Dried, ground sediment intervals from the four push cores were received from the USACE and analyzed for the detection of radionuclides by standard alpha and gamma-ray spectrometry in the USGS SPCMSC radioisotope labs. Total lead-210 (Pb-210, half-life = 22.3 years) activity was measured by alpha spectrometry on two-centimeter intervals of four marsh push cores for the entire length of the cores. Polonium-210 (Po-210, half-life = 138 days) is assumed to be in secular equilibrium with its parent Pb-210, allowing for the determination of the total Pb-210 activity in environmental sediments by directly measuring the activity of Po-210 through alpha particle decay. The USGS SPCMSC radioisotope laboratory uses a method that was originally developed by Martin and Rice (1981) to chemically separate Po-210 from sediments. This method utilizes polonium’s affinity to autoplate to silver planchets in order to isolate Po-210 for alpha counting (Flynn, 1968). To separate the Po-210, 5.00 grams (g) of dried, ground sediment sample was leached with 10 milliliters (mL) 16 normality (N) nitric acid (HNO3) and a polonium-209 (Po-209) tracer was added. The solution digested overnight and was then dried on a hotplate. The dried solution was washed with 5 mL of 8 N hydrochloric acid (HCl), followed by three washings with 30% hydrogen peroxide (H2O2) to break down organics. After two additional washings with 5 mL of 8 N hydrochloric acid, 5 mL of 8 N hydrochloric acid was added. Once the sample dissolved completely, the solution was brought to 50 mL by adding deionized water. Three reagents were added prior to the deposition of Po-210 onto the silver planchets: 20% hydroxylamine hydrochloride and 25% sodium citrate were added to reduce the inference of oxidants, such as iron+3 (Fe+3) and chromium+6 (Cr+6) and a 2.2% weight by volume solution of bismuth nitrate was added to help prevent the deposition of bismuth-212 (Martin and Rice, 1981). A calibrated handheld pH meter was used to monitor the pH of the solution. Ammonium hydroxide was added dropwise while mixing to achieve a pH of 1.85 to 1.95. The Po-210 was autoplated onto the 1.9-centimeter diameter sterling silver planchets as the solution was heated and stirred on a hotplate for 2 hours. All planchets had one side covered with tape to ensure Po-210 plating only occurred on one side. The planchets were removed from solution, rinsed with deionized water, and dried. The planchets were counted in low-level alpha spectrometers coupled to a pulse-height analyzer for 24 hours. Samples with low Po-210 activity were counted for 48 hours. The total Pb-210 activity and counting error are reported in the Excel spreadsheet. A .csv data file containing the tabular data in plain text is included in the download file. Person who carried out this activity:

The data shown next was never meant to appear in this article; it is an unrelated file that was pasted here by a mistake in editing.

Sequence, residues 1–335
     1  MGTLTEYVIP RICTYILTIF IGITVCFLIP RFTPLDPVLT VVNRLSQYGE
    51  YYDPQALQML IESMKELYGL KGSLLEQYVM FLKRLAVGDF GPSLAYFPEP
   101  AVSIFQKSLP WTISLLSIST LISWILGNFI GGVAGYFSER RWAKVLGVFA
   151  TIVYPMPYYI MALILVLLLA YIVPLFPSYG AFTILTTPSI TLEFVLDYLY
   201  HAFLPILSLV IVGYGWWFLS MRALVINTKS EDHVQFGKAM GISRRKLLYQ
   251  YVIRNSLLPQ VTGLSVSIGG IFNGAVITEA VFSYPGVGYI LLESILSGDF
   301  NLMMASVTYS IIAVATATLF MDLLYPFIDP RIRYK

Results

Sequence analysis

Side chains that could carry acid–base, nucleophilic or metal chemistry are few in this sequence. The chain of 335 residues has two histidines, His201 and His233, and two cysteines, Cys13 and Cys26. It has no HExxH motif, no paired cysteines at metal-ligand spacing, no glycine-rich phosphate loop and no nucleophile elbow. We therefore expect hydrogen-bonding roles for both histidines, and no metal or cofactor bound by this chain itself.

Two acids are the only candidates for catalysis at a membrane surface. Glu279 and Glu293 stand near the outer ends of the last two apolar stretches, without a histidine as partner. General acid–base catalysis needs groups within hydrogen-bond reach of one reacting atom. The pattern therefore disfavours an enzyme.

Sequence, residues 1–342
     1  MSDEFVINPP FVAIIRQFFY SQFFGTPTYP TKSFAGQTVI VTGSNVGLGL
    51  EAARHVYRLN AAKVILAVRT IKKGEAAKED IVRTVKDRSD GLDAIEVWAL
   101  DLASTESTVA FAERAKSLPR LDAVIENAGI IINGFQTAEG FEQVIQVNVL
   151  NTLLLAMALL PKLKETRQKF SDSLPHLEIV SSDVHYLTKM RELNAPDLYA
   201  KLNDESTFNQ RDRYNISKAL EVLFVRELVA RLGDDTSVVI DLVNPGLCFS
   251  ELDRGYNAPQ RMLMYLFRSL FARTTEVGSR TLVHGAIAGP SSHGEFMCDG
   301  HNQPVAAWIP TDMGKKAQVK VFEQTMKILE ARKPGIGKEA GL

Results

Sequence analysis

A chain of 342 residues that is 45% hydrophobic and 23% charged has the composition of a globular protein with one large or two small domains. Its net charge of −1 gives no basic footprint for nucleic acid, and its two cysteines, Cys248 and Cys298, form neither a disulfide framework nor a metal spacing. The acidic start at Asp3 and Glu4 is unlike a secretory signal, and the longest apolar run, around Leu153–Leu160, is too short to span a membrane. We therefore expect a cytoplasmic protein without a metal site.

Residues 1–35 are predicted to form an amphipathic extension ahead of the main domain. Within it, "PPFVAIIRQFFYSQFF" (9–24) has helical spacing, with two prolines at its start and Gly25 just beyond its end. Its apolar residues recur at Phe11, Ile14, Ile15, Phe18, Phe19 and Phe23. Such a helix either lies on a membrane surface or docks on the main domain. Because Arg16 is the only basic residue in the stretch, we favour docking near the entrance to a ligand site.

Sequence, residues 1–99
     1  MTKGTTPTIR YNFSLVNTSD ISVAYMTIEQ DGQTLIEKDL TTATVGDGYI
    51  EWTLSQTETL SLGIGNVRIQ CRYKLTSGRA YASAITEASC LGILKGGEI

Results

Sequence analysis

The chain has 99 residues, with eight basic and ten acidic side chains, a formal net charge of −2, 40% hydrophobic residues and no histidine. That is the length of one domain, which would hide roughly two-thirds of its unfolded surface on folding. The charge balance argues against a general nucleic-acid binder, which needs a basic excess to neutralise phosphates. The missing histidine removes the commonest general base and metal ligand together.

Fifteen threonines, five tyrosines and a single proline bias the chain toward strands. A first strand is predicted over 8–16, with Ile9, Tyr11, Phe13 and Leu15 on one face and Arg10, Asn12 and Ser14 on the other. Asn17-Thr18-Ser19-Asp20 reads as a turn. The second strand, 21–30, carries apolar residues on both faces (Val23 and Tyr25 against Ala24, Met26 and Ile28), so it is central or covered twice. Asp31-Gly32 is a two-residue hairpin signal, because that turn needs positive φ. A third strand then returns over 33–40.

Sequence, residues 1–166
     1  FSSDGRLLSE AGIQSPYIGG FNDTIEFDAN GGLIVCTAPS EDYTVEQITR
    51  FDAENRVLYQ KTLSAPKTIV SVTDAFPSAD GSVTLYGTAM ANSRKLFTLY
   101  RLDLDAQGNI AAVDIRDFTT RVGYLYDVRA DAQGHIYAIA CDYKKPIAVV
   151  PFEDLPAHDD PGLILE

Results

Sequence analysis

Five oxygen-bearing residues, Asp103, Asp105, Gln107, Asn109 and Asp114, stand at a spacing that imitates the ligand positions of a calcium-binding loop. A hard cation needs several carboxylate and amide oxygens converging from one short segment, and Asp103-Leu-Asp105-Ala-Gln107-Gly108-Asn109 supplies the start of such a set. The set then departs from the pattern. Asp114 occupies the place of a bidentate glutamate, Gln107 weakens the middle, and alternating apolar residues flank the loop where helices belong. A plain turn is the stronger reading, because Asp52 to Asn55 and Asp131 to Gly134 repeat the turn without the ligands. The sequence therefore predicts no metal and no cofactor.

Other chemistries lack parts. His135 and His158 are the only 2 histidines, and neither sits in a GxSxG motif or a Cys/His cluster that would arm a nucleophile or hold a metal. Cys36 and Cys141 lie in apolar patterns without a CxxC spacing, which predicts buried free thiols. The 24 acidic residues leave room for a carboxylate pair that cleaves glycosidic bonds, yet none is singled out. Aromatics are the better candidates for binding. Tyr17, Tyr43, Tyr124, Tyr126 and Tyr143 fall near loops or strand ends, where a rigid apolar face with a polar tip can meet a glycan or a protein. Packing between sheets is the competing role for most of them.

U.S. Geological Survey St. Petersburg Coastal and Marine Science Center
    Attn: Marci E. Marot
    Geologist
    600 4th Street South
    St. Petersburg, FL
    U.S.

    (727) 502-8000 (voice)
    mmarot@usgs.gov
    Data sources produced in this process:
    • DeerIsland_AlphaSpectrometry.xlsx, DeerIsland_AlphaSpectrometry.csv
    Date: 2022 (process 3 of 3)